Publisher: Devolver Digital / Developer: Mediatonic / Platform: Playstation 4, PC / Release Date: August 4, 2020
Fortnite, PUBG, Apex Legends. You can have them. It seems like every single time I try to dive right into a new battle royal game, I’m put off by each of their complexities and the steep learning curve it takes to get good. It’s intimidating. Battle royale games can do that to you. You’re in for a couple of minutes and before you know it, it’s over before it even started. Sometimes you just want to have fun. Sometimes you just want to flail around aimlessly towards the goal without a care in the world.
Fall Guys is the new kid on the battle royale block and unless you’ve been under a rock, it’s kind of a big deal. Unlike most of the other games in this genre, Fall Guys isn’t a shooter. No, this is a platformer. Actually, it’s a game show. Wait, no, it’s like you took a bunch of bean shape ragdolls and made them compete in a variety of games and obstacle courses. Yeah, that last one sounds right.
Falling for Glory
What makes Fall Guys so unique is that it’s a game where every player has a chance. You and 59 other players competing in Mario Party styled games where a certain number of players are eliminated after each round. There’s a simplicity to it. Players control their very own Fall Guy, which is the titular bean-shaped character with stubby little arms and legs. Controlling a Fall Guy is probably one of the easiest control schemes I’ve encountered. There are relatively few buttons you need to learn. You can move, control the camera and the only other actions are jump, dive, and grab. It easy peasy lemon squeezy.
Several rounds of Fall Guys means different courses and games to play through. The first round is always an obstacle course with the starting 60 players. You can still feel the sting of being eliminated in the first round, but it’s a lot less likely than you think. You don’t have to be first to cross the finish line, just not the last. Some games even put you on teams with other players. While players are eliminated little by little each round, the game is built to make sure the fun isn’t over so quickly. Only in the last game do you truly compete for that number one spot.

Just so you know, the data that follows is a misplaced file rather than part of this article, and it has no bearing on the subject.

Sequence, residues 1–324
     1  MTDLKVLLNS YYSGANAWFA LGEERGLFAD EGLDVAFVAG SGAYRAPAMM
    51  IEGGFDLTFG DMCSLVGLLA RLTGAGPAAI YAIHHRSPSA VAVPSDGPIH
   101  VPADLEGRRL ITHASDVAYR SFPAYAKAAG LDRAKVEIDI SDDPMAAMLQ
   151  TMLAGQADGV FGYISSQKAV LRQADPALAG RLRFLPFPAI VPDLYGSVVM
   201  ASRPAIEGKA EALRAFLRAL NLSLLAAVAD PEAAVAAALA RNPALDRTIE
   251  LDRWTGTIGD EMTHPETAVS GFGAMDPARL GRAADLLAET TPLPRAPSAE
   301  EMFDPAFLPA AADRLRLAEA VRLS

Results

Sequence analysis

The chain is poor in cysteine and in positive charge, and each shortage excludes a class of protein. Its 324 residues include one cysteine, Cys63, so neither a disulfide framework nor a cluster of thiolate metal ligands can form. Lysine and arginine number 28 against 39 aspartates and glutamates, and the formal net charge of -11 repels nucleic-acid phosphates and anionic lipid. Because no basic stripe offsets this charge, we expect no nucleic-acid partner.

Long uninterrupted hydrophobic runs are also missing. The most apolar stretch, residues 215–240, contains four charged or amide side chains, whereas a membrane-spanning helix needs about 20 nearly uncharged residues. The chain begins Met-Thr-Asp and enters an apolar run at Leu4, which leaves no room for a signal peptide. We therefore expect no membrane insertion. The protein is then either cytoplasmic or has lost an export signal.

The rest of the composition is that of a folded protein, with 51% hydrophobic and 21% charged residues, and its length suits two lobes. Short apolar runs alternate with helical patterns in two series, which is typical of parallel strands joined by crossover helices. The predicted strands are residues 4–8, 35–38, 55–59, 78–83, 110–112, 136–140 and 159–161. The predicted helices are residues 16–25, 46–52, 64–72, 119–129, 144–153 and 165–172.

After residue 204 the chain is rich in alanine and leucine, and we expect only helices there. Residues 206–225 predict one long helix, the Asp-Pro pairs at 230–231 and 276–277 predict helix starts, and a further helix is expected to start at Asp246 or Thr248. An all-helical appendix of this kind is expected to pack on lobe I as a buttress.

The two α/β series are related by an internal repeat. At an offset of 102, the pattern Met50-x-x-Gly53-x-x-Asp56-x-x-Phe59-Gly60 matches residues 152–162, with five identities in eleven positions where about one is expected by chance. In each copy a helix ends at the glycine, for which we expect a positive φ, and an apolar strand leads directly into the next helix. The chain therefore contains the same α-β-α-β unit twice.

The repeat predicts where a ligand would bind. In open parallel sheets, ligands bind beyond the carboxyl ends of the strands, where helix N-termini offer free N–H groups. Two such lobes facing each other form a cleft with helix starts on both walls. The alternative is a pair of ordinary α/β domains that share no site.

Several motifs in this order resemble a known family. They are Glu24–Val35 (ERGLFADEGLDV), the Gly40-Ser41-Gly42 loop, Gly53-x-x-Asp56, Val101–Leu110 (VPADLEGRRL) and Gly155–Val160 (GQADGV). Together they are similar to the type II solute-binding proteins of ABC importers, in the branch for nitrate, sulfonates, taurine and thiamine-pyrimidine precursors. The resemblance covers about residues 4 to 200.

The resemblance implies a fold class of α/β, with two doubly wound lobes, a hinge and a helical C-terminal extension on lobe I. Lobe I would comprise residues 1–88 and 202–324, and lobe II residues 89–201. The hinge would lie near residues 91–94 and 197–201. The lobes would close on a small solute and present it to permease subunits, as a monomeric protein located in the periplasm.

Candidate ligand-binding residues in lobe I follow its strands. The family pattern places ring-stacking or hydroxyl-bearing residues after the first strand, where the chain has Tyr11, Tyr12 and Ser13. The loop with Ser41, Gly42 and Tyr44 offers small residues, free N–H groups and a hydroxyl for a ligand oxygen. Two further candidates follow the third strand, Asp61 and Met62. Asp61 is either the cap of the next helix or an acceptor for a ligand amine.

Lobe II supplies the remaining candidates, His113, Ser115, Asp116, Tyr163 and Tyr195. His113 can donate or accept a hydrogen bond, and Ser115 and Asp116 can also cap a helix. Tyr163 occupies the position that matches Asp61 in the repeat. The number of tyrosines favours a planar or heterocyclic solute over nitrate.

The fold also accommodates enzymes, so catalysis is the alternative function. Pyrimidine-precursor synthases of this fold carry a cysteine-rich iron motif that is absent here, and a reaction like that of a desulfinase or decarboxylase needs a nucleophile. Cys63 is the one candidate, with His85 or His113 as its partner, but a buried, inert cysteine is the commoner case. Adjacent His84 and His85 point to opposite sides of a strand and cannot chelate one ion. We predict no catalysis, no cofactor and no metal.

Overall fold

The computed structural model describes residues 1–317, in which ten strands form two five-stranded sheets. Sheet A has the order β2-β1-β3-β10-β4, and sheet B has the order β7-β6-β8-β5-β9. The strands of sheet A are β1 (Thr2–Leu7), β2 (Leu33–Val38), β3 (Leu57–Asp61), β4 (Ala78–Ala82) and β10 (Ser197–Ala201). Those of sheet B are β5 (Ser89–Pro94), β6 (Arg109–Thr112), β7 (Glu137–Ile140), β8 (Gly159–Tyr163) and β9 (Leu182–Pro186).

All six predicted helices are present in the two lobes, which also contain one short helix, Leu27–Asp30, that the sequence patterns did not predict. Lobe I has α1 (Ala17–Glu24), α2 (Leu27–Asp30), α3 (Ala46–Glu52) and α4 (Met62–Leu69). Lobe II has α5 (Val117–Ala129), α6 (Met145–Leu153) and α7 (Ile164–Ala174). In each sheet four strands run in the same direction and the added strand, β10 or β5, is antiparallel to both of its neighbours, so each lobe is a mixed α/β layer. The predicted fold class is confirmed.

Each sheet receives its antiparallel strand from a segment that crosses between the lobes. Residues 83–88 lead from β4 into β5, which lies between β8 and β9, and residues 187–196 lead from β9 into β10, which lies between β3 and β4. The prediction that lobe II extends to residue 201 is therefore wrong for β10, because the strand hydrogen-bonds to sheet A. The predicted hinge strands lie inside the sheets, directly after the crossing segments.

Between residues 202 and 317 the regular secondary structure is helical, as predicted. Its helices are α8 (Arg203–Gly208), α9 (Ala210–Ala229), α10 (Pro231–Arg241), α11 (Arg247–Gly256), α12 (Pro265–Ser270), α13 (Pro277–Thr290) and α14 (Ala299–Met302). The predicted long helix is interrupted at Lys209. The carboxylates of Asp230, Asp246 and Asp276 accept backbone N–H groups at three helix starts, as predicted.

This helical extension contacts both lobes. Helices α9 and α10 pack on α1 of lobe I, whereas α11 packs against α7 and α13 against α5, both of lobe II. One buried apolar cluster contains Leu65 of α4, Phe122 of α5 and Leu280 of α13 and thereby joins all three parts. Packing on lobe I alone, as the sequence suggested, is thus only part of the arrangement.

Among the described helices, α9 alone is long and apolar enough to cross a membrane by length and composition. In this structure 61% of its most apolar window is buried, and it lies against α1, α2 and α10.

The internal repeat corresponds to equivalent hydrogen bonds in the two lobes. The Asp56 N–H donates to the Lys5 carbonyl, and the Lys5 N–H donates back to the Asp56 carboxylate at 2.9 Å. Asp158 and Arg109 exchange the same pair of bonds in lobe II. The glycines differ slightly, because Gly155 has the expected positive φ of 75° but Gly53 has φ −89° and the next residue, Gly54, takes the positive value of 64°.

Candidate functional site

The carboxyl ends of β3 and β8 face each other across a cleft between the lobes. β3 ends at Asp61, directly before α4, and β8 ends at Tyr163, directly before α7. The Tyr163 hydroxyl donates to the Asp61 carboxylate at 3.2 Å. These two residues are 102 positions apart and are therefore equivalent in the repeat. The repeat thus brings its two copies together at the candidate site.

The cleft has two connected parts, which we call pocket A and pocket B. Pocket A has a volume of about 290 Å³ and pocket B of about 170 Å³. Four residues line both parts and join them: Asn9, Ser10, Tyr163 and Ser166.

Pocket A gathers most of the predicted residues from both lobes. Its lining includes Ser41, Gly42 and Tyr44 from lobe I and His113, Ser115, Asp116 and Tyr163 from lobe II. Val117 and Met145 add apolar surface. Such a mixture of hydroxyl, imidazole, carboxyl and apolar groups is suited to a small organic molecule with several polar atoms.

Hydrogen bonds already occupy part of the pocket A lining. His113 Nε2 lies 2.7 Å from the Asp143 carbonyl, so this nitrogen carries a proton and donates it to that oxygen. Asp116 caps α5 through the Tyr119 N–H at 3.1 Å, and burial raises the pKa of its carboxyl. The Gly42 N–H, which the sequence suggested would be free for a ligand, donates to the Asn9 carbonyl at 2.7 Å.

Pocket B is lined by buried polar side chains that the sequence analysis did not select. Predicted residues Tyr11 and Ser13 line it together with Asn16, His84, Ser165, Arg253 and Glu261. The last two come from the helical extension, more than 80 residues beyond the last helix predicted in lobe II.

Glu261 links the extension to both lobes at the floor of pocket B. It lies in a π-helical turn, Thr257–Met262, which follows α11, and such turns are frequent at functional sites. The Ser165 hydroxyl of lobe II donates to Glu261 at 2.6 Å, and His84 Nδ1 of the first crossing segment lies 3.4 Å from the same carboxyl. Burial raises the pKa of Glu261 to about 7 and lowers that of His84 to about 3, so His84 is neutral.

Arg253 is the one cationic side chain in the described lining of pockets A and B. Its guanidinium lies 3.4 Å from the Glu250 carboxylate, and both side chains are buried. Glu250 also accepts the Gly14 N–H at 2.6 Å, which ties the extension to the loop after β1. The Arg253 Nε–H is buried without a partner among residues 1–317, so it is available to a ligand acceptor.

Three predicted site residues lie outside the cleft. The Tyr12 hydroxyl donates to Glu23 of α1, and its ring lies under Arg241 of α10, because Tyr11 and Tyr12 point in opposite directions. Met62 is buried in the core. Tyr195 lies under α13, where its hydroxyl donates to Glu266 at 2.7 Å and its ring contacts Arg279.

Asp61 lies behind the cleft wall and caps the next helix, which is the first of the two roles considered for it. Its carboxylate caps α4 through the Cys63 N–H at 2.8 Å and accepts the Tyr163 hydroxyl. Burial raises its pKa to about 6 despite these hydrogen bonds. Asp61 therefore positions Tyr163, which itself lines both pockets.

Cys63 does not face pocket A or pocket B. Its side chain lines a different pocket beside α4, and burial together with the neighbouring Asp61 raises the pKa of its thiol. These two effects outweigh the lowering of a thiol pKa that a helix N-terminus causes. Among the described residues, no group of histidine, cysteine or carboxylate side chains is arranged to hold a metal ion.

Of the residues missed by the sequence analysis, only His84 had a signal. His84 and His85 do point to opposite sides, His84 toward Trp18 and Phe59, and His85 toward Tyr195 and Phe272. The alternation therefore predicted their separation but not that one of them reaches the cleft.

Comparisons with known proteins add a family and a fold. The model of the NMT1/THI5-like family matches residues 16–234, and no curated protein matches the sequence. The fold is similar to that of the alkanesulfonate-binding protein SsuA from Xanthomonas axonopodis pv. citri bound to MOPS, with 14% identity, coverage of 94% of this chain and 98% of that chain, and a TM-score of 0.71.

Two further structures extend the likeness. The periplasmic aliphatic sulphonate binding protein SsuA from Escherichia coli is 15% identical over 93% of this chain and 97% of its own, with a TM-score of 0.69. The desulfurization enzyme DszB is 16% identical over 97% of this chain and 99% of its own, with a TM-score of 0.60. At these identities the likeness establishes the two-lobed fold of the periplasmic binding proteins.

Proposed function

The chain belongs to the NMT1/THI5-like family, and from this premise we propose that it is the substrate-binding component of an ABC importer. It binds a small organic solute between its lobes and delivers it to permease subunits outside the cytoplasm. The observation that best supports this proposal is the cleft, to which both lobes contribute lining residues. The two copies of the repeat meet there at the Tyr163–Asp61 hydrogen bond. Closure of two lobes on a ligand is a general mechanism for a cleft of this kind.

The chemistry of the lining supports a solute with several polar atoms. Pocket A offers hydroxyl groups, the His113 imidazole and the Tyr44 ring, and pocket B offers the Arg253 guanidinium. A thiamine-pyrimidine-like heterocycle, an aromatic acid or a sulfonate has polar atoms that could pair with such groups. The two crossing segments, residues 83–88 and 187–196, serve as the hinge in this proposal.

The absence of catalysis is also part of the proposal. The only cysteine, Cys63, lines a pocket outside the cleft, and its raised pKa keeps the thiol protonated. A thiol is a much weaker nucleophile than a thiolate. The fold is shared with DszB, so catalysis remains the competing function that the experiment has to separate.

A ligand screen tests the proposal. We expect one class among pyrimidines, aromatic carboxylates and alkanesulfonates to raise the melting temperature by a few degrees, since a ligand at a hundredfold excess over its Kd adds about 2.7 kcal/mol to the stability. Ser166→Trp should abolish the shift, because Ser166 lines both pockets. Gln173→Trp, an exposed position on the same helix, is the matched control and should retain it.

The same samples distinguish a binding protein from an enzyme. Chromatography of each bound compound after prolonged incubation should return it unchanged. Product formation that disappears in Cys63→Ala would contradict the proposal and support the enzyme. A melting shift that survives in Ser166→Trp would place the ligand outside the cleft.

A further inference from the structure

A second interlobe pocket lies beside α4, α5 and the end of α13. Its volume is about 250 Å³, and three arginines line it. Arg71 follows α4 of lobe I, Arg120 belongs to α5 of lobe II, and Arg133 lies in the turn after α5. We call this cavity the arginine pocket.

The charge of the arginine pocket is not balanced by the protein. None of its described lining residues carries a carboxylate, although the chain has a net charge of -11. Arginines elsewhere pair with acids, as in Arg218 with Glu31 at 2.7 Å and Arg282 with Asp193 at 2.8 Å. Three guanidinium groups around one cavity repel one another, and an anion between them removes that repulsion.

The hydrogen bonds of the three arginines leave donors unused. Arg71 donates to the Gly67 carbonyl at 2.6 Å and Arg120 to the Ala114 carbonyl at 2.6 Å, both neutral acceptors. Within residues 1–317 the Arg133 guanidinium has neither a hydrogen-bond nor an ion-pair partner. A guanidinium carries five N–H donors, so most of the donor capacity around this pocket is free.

Playground of Fun
There’s a lot of excitement to playing Fall Guys. As far as casual games go this one pretty much nails it. Yeah, you can get the hang of some of the courses but ultimately, it never feels like one player has an advantage over the other. At the core of Fall Guys is a physics-based game. Think early Little Big Planet where you have to time your jumps accordingly to make up for Sackboy’s unwieldiness. For the most part, no matter how good anyone is at the game, the ragdoll movement and weight of the characters makes everything feel unpredictable. It’s an even playing field.
That’s what makes it so much fun. The unpredictability. It means anyone can join in on the fun. Even if you haven’t played in a while, it’s easy to jump back into. You get absorbed in its games and courses, all while having a laugh at how much ridiculousness is happening on the screen. How could you not enjoy a game where a big fan keeps knocking you 30 feet across the map?
Yeah, I care about making it to the final round but ultimately, it’s all about enjoying the ride along the way. Even when you lose, loading up another game is quick and seamless, which means you’ll just be saying “one more game won’t hurt” over and over again. Even better is playing with friends and watching them go through the same struggle or cheering the other on as they try to qualify for the next round. Fall Guys is the perfect mix of party games like Mario Party and this generation’s battle royale craze.